NYT Trend Story: The Word 'Homosexual' Is Offensive
BY Lucas Grindley
March 22 2014 12:32 PM ET
The newspaper that was perhaps the single most targeted for its own use of the word "homosexual" to describe gay and lesbian people is now declaring the word has "never been more loaded" than it is today.
A story in today's Fashion & Style section of The New York Times — "The Decline and Fall of the 'H' Word'" — lets readers know that getting clinical about coupledom is a major faux pas:
"To most ears, it probably sounds inoffensive. A little outdated and clinical, perhaps, but innocuous enough: homosexual.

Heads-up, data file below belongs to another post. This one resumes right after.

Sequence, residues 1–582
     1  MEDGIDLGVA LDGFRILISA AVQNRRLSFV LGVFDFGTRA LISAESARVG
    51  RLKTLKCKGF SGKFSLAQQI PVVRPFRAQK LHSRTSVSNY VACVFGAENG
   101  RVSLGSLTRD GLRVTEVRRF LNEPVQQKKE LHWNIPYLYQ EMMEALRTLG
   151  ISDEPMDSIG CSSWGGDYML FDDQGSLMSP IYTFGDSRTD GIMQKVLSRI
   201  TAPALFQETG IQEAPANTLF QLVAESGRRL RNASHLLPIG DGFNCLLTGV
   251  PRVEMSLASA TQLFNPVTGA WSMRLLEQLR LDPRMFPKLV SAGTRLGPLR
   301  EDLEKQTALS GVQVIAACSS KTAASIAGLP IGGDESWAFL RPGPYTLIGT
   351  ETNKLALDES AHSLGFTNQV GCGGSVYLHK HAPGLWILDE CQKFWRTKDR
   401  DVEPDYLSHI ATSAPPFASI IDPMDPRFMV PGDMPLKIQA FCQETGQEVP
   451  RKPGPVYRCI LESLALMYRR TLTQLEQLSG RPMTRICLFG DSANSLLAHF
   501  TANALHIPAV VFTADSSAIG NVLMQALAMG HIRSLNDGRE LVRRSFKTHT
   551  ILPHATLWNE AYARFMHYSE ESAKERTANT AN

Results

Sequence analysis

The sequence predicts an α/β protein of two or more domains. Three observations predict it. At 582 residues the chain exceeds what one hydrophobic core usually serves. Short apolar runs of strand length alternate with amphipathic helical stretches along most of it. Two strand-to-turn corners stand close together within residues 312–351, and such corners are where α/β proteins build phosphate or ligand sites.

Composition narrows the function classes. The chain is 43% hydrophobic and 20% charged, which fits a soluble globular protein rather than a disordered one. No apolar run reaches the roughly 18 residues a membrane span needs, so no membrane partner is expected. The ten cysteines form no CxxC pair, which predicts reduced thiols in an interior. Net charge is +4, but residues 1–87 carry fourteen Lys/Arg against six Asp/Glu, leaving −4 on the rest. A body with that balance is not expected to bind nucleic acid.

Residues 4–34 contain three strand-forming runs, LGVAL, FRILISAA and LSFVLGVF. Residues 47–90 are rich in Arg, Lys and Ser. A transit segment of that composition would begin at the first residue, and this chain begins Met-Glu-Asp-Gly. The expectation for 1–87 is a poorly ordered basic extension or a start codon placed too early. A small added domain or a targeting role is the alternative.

"But that five-syllable word has never been more loaded, more deliberately used and, to the ears of many gays and lesbians, more pejorative."
The story notes the newspaper's past, in which it was targeted heavily by the likes of GLAAD to stop using the overly clinical term. The Times made a change to its policy way back in 1987, using "gay" instead. So it seems this trend has some pretty long roots.
The paper points out that using the word nowadays means joining the ranks of the few who wield it as part of an agenda — Rush Limbaugh, Antonin Scalia and others.
- Artist Spotlight: Roberta Marrero
- Op-ed: The Trouble With Teen Wolf
- The 50 Most Influential LGBT People in Media
- PHOTOS: Meet the First Trans Man to Win a Gay Games Gold in Powerlifting
- WATCH: Antigay Billboard Sparks Controversy in Tenn.
- Ruth Bader Ginsburg on Marriage Decision: 'No Need For Us to Rush'